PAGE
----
If you want to build something that lasts, you start with the foundation. A roof isn’t installed without solid framework. A garden isn’t planted in soil that isn’t fertilized. But when brands aim to build SEO into their content strategy, they don’t always ensure that the backend of their site is as strong as the stories they want to produce.
Last summer, SEMRush produced a study on the most impactful ranking factors. The data showed that using exact keywords on a page didn’t offer the same SEO value as other engagement-driven factors.
These insights suggest that publishing engagement content is more important than optimizing the technical aspects of your site. That’s true to an extent, mostly for well-known sites that get plenty of backlinks. But for a lot of sites, this isn’t the reality. In those cases, the structural integrity of your blog or company page is crucial. If you set up your site carefully and effectively, then you make it so much easier to reap the benefits if your content starts to drive serious engagement.
Most people are familiar with keywords, backlinks, and bounce rate. But if you really want to master SEO, here are 5 factors worth exploring.
Metadata (or data about data) is how a search engine validates the relevancy of your content compared to what’s promised in the page’s code. Meta tags can be used for a number of different things, but that doesn’t mean every single one is worth including. The current area of interest is the apparent increase in the length of a meta description that Google displays on SERPs beneath a page title. Previously, a 155-character description was seen the most within page-one results. Starting in in late November 2017, Google seems to be ushering in SERPs with descriptions peaking at over 300 characters.
Even though meta descriptions are not a ranking factor, writing ones that stay on trend with the latest algorithms is vital for making sure competitors aren’t edging you out with more valuable copy.
We all love dazzling interactive Java and CSS, but too much of it can cost you if those files aren’t compressed and minified. Almost a decade ago, Google confirmed that site speed does, in fact, influence SERPs. People want instantaneous load times, and Google wants to prioritize results that will delight those users. If your site loads faster than a competitor’s for a page with similar information, that may be enough for you to rank ahead. This SEO factor is only growing in importance. Google announced that come July 2018, speed will also factor in for mobile search.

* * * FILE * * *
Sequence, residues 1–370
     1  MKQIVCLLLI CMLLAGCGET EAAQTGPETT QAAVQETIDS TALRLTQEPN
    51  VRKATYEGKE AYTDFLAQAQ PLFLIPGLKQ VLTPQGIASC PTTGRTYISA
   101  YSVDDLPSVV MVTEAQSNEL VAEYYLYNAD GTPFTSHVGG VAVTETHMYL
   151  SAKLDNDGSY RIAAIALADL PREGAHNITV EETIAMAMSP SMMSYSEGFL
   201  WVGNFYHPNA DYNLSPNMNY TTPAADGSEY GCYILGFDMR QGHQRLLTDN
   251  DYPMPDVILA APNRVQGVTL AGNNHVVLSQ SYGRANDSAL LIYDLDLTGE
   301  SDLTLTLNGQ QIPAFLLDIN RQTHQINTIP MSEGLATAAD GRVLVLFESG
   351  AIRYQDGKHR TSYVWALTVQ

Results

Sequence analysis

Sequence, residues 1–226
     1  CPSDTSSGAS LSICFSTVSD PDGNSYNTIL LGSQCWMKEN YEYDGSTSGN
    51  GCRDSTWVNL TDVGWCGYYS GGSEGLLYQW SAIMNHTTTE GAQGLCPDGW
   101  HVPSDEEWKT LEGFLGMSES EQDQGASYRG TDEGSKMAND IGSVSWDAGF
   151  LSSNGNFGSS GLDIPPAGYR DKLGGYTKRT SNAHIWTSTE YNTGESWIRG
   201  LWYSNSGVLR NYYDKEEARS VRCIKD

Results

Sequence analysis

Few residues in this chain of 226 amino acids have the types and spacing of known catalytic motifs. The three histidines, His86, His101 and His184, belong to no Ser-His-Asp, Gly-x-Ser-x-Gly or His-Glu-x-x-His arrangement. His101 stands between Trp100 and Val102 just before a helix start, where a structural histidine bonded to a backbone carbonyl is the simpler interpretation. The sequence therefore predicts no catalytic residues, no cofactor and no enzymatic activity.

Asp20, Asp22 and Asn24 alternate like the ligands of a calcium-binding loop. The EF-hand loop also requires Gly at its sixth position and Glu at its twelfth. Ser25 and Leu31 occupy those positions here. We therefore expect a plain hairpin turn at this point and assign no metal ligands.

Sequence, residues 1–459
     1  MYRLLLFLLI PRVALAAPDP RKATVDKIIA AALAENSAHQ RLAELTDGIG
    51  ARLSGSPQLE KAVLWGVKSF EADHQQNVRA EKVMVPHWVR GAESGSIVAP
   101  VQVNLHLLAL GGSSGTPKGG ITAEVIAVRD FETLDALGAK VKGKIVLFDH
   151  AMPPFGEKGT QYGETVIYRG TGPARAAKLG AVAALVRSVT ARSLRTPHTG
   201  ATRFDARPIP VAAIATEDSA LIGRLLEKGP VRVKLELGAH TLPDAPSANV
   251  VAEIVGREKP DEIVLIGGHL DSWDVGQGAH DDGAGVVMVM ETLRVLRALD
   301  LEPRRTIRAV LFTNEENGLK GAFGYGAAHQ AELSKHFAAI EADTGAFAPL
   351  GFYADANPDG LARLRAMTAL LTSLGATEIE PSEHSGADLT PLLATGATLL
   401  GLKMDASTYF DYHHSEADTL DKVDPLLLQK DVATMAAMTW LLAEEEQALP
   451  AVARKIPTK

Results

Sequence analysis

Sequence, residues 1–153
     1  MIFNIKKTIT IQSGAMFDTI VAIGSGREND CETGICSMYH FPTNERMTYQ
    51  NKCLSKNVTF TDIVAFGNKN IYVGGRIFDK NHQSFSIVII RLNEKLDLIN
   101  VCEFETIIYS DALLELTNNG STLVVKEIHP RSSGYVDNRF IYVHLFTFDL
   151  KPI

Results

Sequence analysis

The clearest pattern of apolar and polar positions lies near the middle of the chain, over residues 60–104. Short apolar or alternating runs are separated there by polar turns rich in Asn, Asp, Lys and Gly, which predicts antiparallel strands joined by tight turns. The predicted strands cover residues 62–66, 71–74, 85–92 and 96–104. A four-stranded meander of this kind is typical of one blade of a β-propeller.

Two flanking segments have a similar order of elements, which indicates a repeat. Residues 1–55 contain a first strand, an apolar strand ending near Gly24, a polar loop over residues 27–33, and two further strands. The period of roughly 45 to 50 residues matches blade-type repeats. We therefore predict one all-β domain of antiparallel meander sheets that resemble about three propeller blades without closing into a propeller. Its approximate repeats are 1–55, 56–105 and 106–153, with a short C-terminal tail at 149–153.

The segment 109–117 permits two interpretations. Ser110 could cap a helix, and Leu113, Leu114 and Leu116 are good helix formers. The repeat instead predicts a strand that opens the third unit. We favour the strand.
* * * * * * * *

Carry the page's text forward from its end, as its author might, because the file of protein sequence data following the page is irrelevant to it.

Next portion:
Schema markup & structured data
In addition to metadata, pages also have smaller elements called microdata that can be classified using semantic vocabulary. As IronPaper explains it, metadata tells search engines what the page is about; microdata reveals what elements are on the page.
We can take care of these elements by using Schema markups. Meta tags are able to validate what your site can broadly offer a user, but Schema refers to a particular technology that provides granular, structured data about your page.
Schema offers an incredibly robust library, but much like meta tags, there’s no need to include every one applicable to your site. The key is assessing which handful of items are most important for your piece. Rather than stuffing an article with a particular keyword, you can use a schema markup to signal that you want the piece to rank for pages that include things like company names, products, and places.
For those of us who aren’t UX wizards, setting up a completely logical site map is daunting, especially if the site is large. Fortunately, you can write a file called robots.txt to tell search engines how you want them to crawl your site.
For example, certain parts of your site, like duplicated content or a convoluted directory, could hurt your SEO potential. To cover these issues up, look into the disallow feature. It’ll let you hide that content from search results without having to delete anything from your site.
Just remember that robots.txt can be a double-edged sword if used incorrectly. Blocking directories that contain useful content and quality backlinks could wind up setting you back.
Perhaps the most compelling reason to check in on the structure of your site is Google’s impending introduction of mobile-first indexing. In 2017, mobile traffic topped desktop traffic for the first time, per analysis by SimilarWeb. That trend is not going to change anytime soon.
desktop and mobile web traffic
For this reason, Google will soon use your mobile site as the primary version when indexing your content. (Check out this helpful FAQ Bridget Randolph wrote for Moz for more information). In other words, building a site with mobile in mind is no longer a best practice—it’s mandatory.